BP’s exit opens new front in Western campaign against Russia

FILE PHOTO: An illuminated BP logo appears at a gas station in Gateshead, UK, September 23, 2021. REUTERS / Lee Smith

February 28, 2022

By Ron Bousso and Nerijus Adomaitis

(Reuters) – The big energy BP has opened a new front in the West’s campaign to isolate the Russian economy, with its decision to abandon the oil-rich country the most aggressive move by a company to date in response to Moscow’s invasion of Ukraine.

Western allies have stepped up efforts to punish Russia with new sanctions, such as closing its airspace to Russian aircraft, cutting off some of its banks from the SWIFT financial network and restricting Moscow’s ability to expand its foreign exchange reserves. $ 630 billion – measures expected to pulverize the country. economy.

The ruble fell almost 30% to an all-time low against the dollar on Monday.

BP, Russia’s largest foreign investor, has said it is abandoning its stake in state-owned oil company Rosneft at a cost of up to $ 25 billion, halving its oil and gas reserves by half.

The British company’s sharp move brings to the fore other Western companies operating in Russia amid mounting pressure from governments to tighten economic ties in Moscow after launching the biggest attack on a European country since World War II.

The Norwegian state-owned Equinor energy group said Monday it would begin divesting its consortia in Russia. Norway’s state-owned investment fund, the largest in the world, will also sell its Russian assets, valued at about NOK 25 billion ($ 2.80 billion).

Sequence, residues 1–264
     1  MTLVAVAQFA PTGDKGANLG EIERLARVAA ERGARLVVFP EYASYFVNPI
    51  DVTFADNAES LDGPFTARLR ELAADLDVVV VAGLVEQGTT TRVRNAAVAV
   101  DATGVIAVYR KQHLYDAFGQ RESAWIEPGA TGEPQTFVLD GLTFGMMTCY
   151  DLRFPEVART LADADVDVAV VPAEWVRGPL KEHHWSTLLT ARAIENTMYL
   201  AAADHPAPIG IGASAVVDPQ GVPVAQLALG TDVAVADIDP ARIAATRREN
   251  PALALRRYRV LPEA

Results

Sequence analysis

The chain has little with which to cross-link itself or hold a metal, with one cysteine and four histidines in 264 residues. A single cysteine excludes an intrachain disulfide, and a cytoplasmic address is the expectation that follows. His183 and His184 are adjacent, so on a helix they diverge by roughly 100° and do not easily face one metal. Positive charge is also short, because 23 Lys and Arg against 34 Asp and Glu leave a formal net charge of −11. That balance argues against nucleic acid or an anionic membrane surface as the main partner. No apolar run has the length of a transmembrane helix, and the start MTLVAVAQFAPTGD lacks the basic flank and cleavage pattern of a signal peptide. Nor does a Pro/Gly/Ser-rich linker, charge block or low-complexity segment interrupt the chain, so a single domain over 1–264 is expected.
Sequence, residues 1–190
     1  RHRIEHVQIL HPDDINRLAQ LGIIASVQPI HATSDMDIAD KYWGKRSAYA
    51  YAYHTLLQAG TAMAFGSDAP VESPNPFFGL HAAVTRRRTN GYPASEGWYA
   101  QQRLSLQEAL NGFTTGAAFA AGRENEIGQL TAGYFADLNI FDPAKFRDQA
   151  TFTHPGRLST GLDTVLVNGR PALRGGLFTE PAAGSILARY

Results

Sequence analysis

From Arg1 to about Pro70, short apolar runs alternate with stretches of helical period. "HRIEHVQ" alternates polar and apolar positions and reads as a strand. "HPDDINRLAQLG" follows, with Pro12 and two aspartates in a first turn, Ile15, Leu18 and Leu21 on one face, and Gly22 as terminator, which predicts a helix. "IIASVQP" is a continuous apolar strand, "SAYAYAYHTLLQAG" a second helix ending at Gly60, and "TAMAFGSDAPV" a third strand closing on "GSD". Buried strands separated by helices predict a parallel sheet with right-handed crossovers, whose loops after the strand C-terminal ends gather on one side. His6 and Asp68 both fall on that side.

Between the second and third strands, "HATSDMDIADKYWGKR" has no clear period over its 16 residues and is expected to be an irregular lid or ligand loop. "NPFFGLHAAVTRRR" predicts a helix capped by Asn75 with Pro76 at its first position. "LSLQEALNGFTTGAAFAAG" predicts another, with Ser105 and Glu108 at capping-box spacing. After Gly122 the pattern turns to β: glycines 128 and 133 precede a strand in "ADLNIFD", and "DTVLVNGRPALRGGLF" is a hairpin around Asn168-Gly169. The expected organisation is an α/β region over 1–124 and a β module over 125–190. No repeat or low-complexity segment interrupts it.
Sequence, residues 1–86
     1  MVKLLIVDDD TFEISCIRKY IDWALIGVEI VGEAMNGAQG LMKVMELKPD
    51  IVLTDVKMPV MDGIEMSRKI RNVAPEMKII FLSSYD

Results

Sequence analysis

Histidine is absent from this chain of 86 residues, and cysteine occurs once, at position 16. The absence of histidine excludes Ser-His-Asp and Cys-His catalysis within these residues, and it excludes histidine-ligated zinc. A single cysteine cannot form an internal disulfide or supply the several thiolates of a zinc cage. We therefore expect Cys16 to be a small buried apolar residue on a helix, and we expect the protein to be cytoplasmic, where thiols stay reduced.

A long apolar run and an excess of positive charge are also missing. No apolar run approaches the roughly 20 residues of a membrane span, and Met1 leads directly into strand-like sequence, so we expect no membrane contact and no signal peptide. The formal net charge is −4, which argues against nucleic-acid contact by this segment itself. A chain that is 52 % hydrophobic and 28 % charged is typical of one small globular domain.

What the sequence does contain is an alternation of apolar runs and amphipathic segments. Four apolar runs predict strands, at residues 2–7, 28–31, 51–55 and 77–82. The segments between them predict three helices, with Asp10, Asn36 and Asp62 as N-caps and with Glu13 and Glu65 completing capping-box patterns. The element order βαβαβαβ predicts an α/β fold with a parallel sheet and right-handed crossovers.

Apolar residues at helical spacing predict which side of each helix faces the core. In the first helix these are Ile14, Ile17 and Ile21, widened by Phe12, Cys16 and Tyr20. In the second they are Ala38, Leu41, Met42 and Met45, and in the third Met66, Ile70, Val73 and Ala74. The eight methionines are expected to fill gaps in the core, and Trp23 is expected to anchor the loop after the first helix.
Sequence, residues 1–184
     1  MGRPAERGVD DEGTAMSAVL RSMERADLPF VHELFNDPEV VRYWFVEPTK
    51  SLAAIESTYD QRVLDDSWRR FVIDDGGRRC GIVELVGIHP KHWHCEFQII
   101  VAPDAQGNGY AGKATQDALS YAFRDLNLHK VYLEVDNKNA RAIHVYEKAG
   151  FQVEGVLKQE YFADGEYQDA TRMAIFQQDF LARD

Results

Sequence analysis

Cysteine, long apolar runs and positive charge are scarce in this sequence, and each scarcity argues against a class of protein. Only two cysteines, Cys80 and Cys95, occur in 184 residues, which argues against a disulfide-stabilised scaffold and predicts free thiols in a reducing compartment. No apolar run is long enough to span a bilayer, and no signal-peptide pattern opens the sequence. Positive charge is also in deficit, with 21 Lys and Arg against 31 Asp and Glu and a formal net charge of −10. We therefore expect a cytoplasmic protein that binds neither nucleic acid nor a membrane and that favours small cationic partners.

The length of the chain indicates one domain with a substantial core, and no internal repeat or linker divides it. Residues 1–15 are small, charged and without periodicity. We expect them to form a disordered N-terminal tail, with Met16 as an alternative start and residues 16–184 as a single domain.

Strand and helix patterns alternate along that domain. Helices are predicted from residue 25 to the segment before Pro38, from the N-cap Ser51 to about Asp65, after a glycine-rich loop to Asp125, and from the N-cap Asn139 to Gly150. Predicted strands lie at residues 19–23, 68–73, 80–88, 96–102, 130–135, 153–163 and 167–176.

In a video call Sunday, the European Union’s internal market chief told CEOs of Alphabet and its YouTube unit to ban users who are pushing for war propaganda as part of measures to stop misinformation about Ukraine.

EU bans Russian media outlets RT and Sputnik, and Alphabet’s Google bans Russian state media RT and other channels from receiving money for ads on their websites, applications and YouTube videos, similar to Facebook’s move after invasion.


In an unprecedented move, European nations and Canada have moved to close their airspace to Russian aircraft, and the United States is considering similar action, according to US officials.

US-based United Parcel Service Inc and FedEx Corp., two of the world’s largest logistics companies, have said they are shutting down deliveries to Russia and Ukraine.

Large sections of the Russian economy will be a no-go zone for Western banks and financial companies following the decision to cut off some of its banks from SWIFT, a secure messaging system used for trillions of dollars worth of transactions around the world.

Even neutral Switzerland is likely to follow the European Union in imposing sanctions on Russia and freezing Russian assets, its president said on Sunday.

The Russians lined up at ATMs at the weekend, worrying that the new sanctions would cause cash shortages and disrupt payments.

(Report by Ron Bousso and Dmitry Zhdannikov in London and Foo Yun Chee in Brussels: Written by Carmel Crimmins: Edited by Grant McCool)

BP’s exit opens new front in Western campaign against Russia

Source link BP’s exit opens new front in Western campaign against Russia

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